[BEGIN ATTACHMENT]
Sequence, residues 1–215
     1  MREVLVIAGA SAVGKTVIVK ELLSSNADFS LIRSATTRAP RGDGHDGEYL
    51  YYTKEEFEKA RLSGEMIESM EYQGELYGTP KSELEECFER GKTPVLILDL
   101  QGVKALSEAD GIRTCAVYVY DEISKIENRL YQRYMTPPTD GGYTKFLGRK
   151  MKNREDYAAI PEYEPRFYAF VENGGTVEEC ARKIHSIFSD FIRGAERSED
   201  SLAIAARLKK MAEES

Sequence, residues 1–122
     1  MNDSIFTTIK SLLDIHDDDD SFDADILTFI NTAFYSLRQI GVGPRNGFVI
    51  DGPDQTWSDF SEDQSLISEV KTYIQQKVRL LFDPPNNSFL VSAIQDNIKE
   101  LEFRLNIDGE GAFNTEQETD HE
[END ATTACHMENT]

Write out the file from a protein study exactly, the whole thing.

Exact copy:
Sequence, residues 1–215
     1  MREVLVIAGA SAVGKTVIVK ELLSSNADFS LIRSATTRAP RGDGHDGEYL
    51  YYTKEEFEKA RLSGEMIESM EYQGELYGTP KSELEECFER GKTPVLILDL
   101  QGVKALSEAD GIRTCAVYVY DEISKIENRL YQRYMTPPTD GGYTKFLGRK
   151  MKNREDYAAI PEYEPRFYAF VENGGTVEEC ARKIHSIFSD FIRGAERSED
   201  SLAIAARLKK MAEES

Sequence, residues 1–122
     1  MNDSIFTTIK SLLDIHDDDD SFDADILTFI NTAFYSLRQI GVGPRNGFVI
    51  DGPDQTWSDF SEDQSLISEV KTYIQQKVRL LFDPPNNSFL VSAIQDNIKE
   101  LEFRLNIDGE GAFNTEQETD HE